Netflix, Disney+ and most streamers are hiking their prices. Will customers stick around?

A blurred image of streaming service logos.
As streamers grapple with financial losses, they’ve started to hike their prices, and users are starting to feel the effects. Photo by Alyssa Stone/Northeastern University

Food, travel, gas –– even as inflation has dipped, it’s hard not to notice the higher price tags and higher bills that still dominate the market. It might be tempting to sit down and watch your favorite Netflix show, but that now comes with some added stress, too. 

Streamflation is here: The average price of an ad-free streaming service will increase by 25% in a year, according to a Wall Street Journal report

What started as a cost-effective alternative to cable TV is now an equally expensive requirement for the modern TV viewer. In 2008, when Netflix first started offering unlimited streaming, a subscription cost $8.99 per month; the same level of access now costs $15.49 per month. Disney+ launched at $6.99 per month and now costs double that at $13.99 per month. 

With streamers trying to combat massive financial losses on expensive services in a crowded market, it was only a matter of time before the bill came due for users, says Koen Pauwels, distinguished professor of marketing at Northeastern University. One way streamers have been recouping costs is by cutting the size of their libraries to avoid residual payments and licensing fees. The other is raising the price of the services themselves. 

Head shot of Koen Pauwels (left) and Yakov Bart (right).
Koen Pauwels, distinguished professor of marketing at Northeastern University, and Yakov Bart, associate professor of marketing at Northeastern. Photo by Adam Glanzman/Northeastern University and Matthew Modoono/Northeastern University

“They spent millions and millions of dollars on new product development to get really cool hits and to keep those coming,” Pauwels says. “You’re spending millions or billions to get the rights for books and content, and your competitor is doing the same. Even though the market share might shift a little bit, overall it stays the same and you end up with very unprofitable businesses. At some point you will have to start raising the price or just stop making new content. The players that want to be in this for the long run have basically decided to increase prices.”

With prices increasing across the board, what does it mean for users who are streaming more TV than ever before? Will people have to be more selective about which services they subscribe to or duck in and out of services whenever a new season of their favorite show comes out?

Pauwels predicts most people will stick with their preferred streaming services, even with the price increase. Part of it has to do with what Pauwels call the reference price, or the price customers expect to pay for something based on the perception of a fair price. Since every streamer is increasing their subscription cost, the reference price goes up too.

But Pauwels also says people have proven they aren’t very price sensitive when it comes to streaming and to how users reacted to Netflix cracking down on password sharing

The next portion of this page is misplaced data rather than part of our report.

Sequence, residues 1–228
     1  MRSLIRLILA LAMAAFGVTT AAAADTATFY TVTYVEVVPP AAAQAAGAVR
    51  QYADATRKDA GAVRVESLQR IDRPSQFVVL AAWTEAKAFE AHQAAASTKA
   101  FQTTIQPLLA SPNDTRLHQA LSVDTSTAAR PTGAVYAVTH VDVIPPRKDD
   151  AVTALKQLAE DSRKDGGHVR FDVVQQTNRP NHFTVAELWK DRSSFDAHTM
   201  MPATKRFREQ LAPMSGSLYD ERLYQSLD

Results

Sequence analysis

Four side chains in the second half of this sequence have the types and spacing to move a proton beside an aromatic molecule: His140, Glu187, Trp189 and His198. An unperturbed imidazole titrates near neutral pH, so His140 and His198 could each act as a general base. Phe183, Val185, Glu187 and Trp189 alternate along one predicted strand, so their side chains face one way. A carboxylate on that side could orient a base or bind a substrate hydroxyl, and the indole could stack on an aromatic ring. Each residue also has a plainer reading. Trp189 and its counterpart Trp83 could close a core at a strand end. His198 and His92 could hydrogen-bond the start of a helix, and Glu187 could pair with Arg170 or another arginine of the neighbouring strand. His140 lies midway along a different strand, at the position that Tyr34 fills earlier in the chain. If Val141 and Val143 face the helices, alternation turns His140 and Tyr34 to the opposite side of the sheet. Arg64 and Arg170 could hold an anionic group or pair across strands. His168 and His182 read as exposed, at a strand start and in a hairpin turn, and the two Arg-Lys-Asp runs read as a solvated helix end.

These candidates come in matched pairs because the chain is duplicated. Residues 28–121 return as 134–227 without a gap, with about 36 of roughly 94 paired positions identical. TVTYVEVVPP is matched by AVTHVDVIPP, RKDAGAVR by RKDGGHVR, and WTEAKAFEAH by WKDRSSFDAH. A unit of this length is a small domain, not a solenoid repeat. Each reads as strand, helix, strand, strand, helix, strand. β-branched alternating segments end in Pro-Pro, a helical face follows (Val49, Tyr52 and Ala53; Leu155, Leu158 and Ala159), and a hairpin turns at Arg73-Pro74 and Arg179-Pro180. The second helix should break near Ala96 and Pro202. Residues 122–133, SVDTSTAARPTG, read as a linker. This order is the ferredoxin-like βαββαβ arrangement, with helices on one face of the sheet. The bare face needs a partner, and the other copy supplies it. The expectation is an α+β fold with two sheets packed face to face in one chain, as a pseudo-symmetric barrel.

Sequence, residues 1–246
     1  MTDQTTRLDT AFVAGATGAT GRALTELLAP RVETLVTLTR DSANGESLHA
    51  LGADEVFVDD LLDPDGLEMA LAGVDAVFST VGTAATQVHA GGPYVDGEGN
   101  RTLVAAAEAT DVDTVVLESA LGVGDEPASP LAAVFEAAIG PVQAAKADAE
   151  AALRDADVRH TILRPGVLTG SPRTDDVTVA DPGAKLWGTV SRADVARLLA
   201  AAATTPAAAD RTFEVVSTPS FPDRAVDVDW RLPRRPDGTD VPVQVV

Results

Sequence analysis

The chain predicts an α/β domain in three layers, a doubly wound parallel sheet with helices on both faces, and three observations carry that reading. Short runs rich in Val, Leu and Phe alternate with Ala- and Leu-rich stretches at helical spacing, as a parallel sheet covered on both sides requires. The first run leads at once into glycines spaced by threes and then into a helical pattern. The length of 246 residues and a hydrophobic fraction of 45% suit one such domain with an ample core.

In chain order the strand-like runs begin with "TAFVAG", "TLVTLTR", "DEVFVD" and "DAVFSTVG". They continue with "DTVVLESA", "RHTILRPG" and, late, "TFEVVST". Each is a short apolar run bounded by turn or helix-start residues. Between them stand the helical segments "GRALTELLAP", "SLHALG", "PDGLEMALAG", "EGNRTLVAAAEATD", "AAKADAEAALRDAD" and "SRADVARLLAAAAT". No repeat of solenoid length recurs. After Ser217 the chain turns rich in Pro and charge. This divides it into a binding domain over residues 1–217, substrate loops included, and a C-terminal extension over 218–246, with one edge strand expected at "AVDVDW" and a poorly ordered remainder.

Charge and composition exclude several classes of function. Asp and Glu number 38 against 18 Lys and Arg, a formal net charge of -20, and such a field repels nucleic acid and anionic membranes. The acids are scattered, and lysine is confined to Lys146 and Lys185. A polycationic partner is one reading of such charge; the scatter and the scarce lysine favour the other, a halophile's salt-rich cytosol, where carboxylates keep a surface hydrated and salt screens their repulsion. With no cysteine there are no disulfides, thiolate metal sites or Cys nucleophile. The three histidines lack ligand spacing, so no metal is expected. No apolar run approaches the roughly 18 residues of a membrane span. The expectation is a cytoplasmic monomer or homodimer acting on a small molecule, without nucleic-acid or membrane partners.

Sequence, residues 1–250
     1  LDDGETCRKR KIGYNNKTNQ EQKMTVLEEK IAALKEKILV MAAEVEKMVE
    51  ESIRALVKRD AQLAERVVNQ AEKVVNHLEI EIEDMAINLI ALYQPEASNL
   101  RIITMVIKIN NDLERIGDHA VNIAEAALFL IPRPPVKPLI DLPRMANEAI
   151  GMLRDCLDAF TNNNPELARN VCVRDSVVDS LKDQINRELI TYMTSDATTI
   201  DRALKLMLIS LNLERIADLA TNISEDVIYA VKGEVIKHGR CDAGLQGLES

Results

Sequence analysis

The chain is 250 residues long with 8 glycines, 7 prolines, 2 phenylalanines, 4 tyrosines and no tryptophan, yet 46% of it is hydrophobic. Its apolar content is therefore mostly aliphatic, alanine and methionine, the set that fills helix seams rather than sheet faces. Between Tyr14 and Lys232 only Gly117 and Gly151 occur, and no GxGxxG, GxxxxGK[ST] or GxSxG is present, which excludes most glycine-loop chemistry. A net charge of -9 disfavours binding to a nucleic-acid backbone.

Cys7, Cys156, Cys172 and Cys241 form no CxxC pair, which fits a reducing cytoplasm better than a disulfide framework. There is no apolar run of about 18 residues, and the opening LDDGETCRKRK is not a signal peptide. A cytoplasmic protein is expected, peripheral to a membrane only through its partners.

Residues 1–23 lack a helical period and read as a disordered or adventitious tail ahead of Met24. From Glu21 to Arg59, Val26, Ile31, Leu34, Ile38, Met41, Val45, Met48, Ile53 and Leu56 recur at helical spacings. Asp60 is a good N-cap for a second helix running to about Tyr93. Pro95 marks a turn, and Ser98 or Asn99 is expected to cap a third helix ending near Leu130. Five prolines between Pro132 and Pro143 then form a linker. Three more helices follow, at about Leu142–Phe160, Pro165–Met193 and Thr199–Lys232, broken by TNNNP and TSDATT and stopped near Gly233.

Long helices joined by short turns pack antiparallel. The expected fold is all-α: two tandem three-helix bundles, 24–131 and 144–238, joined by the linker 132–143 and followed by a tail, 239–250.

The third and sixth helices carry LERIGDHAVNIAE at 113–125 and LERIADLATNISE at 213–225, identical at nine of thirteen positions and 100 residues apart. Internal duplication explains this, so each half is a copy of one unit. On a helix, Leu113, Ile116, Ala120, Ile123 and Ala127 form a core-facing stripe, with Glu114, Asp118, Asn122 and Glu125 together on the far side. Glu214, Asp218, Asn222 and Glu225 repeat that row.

When the streaming giant announced it would be charging a fee to allow users to share their account with people outside their household, an option that had been free in the past, many assumed subscribers would drop like flies. Instead, Netflix experienced a 5.9 million subscriber growth spurt, as people who had previously shared a password signed on to use the service.

“That people went from paying nothing to paying something rather than missing Netflix, I think price sensitivity is not as high as some people make it out to be,” Pauwels says.

But the key reason behind streamflation might be that streamers have finally figured out where the real money is: advertising.

Netflix, Disney+ and several other streaming services have recently introduced cheaper ad-supported tiers. Netflix said its ad-supported tier generates more revenue per user than the ad-free version of its service, as advertising revenue makes up for the lower subscription cost. 

Yakov Bart, an associate professor of marketing at Northeastern, says it’s not a coincidence that companies have introduced price hikes and ad-supported tiers around the same time.
“Humans are very much creatures of habit,” Bart says. “Instead of simply dropping the service after this increase, people who may not be able to afford it will go to the ad-supported tier and still continue making money for the streaming service.”

All of this might sound familiar. In a way, the industry is turning back toward the traditional TV model that existed for decades before streaming disrupted it, says Javier Grillo-Marxuach, a member of the Writers Guild of America with a decades-spanning career writing TV like “Lost” and Netflix’s “The Witcher.” 

“Somebody asked me recently, ‘What’s the future of television?’” Grillo-Marxuach says. “I said the future of television is the streamers are going to have to figure out that they’re in the business of making television. A lot of the profits that American television got to and a lot of the economies of scale were accomplished because of ad sales. That’s why the streamers are going to move to that model. … Tried and true does not mean dead and buried.”

Cody Mello-Klein is a Northeastern Global News reporter. Email him at Follow him on Twitter @Proelectioneer.